Today, the US House of Representatives passed an amendment to the Defense Appropriations bill designed to cut funding for NSA backdoors. The amendment passed overwhelmingly with strong bipartisan support: 293 ayes, 123 nays, and 1 present.
Currently, the NSA collects emails, browsing and chat history under Section 702 of the FISA Amendments Act, and searches this information without a warrant for the communications of Americans—a practice known as "backdoor searches." The amendment would block the NSA from using any of its funding from this Defense Appropriations Bill to conduct such warrantless searches. In addition, the amendment would prohibit the NSA from using its budget to mandate or request that private companies and organizations add backdoors to the encryption standards that are meant to keep you safe on the web.
The amendment was supported by a majority of both Democrats and Republicans, though more Republicans voted against it than Democrats. The newly elected House Majority Leader Kevin McCarthy (R-Calif.) voted against it.
Vox.com offers some additional context:
By itself, prohibiting backdoor searches falls far short of the kind of sweeping NSA reforms some civil liberties groups support. But the vote represents the first time a house of Congress has voted to curtail the controversial practices revealed by Ed Snowden last year. It will give NSA critics renewed political momentum and may force President Obama to make further concessions to critics of the NSA.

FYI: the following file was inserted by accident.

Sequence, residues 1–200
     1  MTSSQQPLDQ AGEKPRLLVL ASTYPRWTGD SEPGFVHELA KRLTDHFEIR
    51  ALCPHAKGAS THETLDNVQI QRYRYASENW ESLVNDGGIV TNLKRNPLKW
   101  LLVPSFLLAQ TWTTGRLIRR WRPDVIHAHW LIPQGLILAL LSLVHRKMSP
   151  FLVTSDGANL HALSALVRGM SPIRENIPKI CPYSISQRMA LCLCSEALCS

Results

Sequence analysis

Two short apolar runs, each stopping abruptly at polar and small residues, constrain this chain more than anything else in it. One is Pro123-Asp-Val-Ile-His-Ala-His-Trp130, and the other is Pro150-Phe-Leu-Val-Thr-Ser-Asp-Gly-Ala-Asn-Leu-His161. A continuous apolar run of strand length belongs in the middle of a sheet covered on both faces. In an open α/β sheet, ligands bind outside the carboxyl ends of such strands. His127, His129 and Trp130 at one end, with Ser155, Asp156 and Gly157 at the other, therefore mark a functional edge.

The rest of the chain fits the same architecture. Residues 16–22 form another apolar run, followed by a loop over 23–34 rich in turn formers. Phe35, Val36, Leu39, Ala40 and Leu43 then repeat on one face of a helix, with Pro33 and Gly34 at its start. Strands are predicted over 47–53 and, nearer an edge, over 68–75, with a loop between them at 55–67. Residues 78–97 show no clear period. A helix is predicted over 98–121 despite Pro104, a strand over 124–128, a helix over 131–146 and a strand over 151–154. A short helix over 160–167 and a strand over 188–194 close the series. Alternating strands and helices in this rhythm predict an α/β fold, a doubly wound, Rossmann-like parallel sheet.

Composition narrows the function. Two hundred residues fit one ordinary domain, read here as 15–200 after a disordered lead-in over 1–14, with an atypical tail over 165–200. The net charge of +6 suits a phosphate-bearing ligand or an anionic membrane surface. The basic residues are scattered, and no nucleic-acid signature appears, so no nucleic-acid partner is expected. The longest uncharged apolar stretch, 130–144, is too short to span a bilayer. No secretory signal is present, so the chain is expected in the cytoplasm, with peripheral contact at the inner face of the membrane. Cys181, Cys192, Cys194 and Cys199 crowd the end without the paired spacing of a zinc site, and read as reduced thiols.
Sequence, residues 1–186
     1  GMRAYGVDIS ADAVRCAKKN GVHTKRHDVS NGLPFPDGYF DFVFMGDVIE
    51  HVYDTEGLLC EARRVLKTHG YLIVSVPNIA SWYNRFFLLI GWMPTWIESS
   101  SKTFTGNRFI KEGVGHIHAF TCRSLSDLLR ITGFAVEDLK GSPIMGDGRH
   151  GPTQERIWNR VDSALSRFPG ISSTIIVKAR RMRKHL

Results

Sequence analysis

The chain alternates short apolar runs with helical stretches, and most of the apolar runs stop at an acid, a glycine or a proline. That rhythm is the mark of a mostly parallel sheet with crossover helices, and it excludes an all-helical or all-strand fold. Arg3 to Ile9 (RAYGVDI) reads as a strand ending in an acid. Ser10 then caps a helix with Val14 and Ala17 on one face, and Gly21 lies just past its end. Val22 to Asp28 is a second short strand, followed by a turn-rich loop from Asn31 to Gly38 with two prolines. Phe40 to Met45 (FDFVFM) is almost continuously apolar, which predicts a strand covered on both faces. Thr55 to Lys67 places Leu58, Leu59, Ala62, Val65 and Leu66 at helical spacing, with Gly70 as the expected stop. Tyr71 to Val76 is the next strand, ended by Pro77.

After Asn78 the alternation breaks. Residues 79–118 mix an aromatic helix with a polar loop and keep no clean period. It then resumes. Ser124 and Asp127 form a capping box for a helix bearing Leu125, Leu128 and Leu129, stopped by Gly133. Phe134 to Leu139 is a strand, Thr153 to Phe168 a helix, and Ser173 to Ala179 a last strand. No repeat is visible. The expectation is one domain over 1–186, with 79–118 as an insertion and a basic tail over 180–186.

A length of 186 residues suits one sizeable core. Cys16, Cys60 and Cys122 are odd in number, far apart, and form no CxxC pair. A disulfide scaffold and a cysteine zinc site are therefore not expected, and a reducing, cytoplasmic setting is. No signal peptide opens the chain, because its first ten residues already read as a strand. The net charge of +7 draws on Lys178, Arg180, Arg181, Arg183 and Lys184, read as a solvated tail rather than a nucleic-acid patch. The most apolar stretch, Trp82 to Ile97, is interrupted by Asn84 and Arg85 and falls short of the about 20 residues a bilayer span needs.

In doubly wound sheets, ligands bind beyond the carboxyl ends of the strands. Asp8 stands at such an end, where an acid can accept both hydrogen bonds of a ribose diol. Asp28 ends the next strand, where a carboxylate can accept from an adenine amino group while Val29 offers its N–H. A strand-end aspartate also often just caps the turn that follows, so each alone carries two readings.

In August, Rep. Justin Amash (R-MI) offered an amendment to last year's defense funding bill that would have shut down a different NSA program: the collection of Americans' phone records. That vote failed in a razor-thin 205 to 217 vote. But the surprising closeness of the vote was widely interpreted as a sign of congressional anger over the NSA's actions.
Julian Sanchez, a senior fellow at the Cato Institute, argues that the vote is a rebuke to the House Permanent Select Intelligence Committee. That body is supposed to serve as a watchdog over NSA surveillance, but in recent years it has more often acted as a defender of NSA policies. The vote, Sanchez says, "demonstrates pretty dramatically that the gatekeepers in the Intelligence Committee are out of synch with the sentiment of the broader House."
Sanchez also notes that similar language was stripped from the USA FREEDOM Act, legislation intended to rein in the NSA that wound up being substantially weakened during the legislative process.
UPDATE: Here is the actual text of the amendment.